The long-closed Castle Mona is unlikely ever to be a hotel again, its current owners admit.
Sefton Group boss Brett Martin said the aim was to sell the landmark into ‘sustainable use’– but doubted that would be as a hotel.
He said he was disappointed but not surprised that the Manx Education Foundation was no longer interested in leasing the building as a base for its proposed university centre for information and computer technology.
But he said the Sefton Group was actively talking to other potential purchasers and users.
Mr Martin said: ‘The property has been for sale for quite a while.
‘We initially had conversations with MEF which started quite a long time ago. They started off thinking it was a potentially good building. However, over the last seven to eight months their ardour had cooled somewhat.
‘When we heard that MEF were now looking elsewhere, it was a little disappointing but expected. It wasn’t really a surprise to us.
‘But it wasn’t the only option. We are talking to other people about the Castle Mona. We are still actively talking to people – potential purchasers and users – about options.
‘The idea is to sell it into sustainable use. I’m not sure whether that lies in hotel use. It could find a place in the world with a different use other than a hotel.’
If the MEF had gone ahead with the planned redevelopment of the Castle Mona as an ITC university, government would have underwritten the project to the tune of £5 million.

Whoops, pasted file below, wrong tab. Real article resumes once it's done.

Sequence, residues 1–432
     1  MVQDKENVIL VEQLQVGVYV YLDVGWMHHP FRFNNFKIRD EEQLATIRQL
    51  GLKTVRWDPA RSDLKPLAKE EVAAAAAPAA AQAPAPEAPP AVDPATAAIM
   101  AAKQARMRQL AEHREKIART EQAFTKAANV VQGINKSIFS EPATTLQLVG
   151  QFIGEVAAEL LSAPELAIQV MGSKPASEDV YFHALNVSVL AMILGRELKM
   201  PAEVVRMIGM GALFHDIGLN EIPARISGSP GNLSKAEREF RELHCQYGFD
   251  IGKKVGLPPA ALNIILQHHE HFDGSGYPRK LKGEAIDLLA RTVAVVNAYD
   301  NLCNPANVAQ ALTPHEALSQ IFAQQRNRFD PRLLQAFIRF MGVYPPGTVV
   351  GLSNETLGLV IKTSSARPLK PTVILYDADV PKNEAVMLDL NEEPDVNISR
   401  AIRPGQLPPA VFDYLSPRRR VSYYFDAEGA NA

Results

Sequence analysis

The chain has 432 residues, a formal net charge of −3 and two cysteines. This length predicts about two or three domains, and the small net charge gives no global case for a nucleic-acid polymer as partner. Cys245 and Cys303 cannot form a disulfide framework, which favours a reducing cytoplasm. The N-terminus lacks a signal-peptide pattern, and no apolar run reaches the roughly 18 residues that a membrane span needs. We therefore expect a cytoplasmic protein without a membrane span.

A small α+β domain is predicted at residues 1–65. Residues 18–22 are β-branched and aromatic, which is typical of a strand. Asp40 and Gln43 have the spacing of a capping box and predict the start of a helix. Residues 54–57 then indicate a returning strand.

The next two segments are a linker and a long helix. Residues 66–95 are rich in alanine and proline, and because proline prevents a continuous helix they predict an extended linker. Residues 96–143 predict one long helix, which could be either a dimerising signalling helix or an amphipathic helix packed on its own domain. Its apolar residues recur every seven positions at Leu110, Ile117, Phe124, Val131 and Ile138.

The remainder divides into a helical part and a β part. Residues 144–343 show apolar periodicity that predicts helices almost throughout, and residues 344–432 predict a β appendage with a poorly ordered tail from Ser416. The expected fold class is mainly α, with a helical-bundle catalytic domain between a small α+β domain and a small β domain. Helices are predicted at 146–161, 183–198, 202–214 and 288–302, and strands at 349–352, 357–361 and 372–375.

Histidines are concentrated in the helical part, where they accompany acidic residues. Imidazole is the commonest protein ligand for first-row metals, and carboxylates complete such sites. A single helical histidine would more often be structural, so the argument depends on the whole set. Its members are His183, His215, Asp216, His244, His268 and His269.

Earlier this year, the government agreed a £4.5 million bail-out of the debt-ridden Sefton Group, comprising a £1.3 million loan, repayable over five years, and the purchase and lease back of the Middlemarch site on Lord Street.
The company has reduced its debts by £72 million from a high of £96 million in the three years since new management took over following the departure of chief executive and director Graham Ferguson Lacey.
Mr Martin said the Castle Mona was valued for sale on the Sefton Group’s balance sheet for £4 million - roughly what the Group paid for it in 2007.
He said: ‘Our main focus these last couple of years has been the restructuring. We would like to get to a stage eventually where all the assets we own are earning their keep.’
He said that keeping an old building, which has not been in use for five years, came at a cost.
‘We are not looking to spend significant sums of money on the interior. But we have to keep on top of water ingress, drainage and security - that’s the reason why the windows are boarded up.’
He said the hotel, which was built in 1804 as the residence of the 4th Duke of Atholl, had a chequered history. But he said the nature of the building did not lend itself as an efficient hotel. He said he believed Mr Ferguson Lacey had been genuine in his intention of turning the Castle Mona into a 4* hotel when it was purchased by the Sefton Group in February 2007, two months after the hotel and leisure complex was closed suddenly by its previous owners.
But he said: ‘You have to bear in mind the world has changed since then.
‘The world was full of banks wanting to lend to businesses but by 2009 that whole business model had gone.’
Liberal Vannin MHK Peter Karran has written to the government’s buildings conservation officer to establish what safeguards had been carried out to protect ‘this important architectural and history [sic] building, which is part of our national heritage’.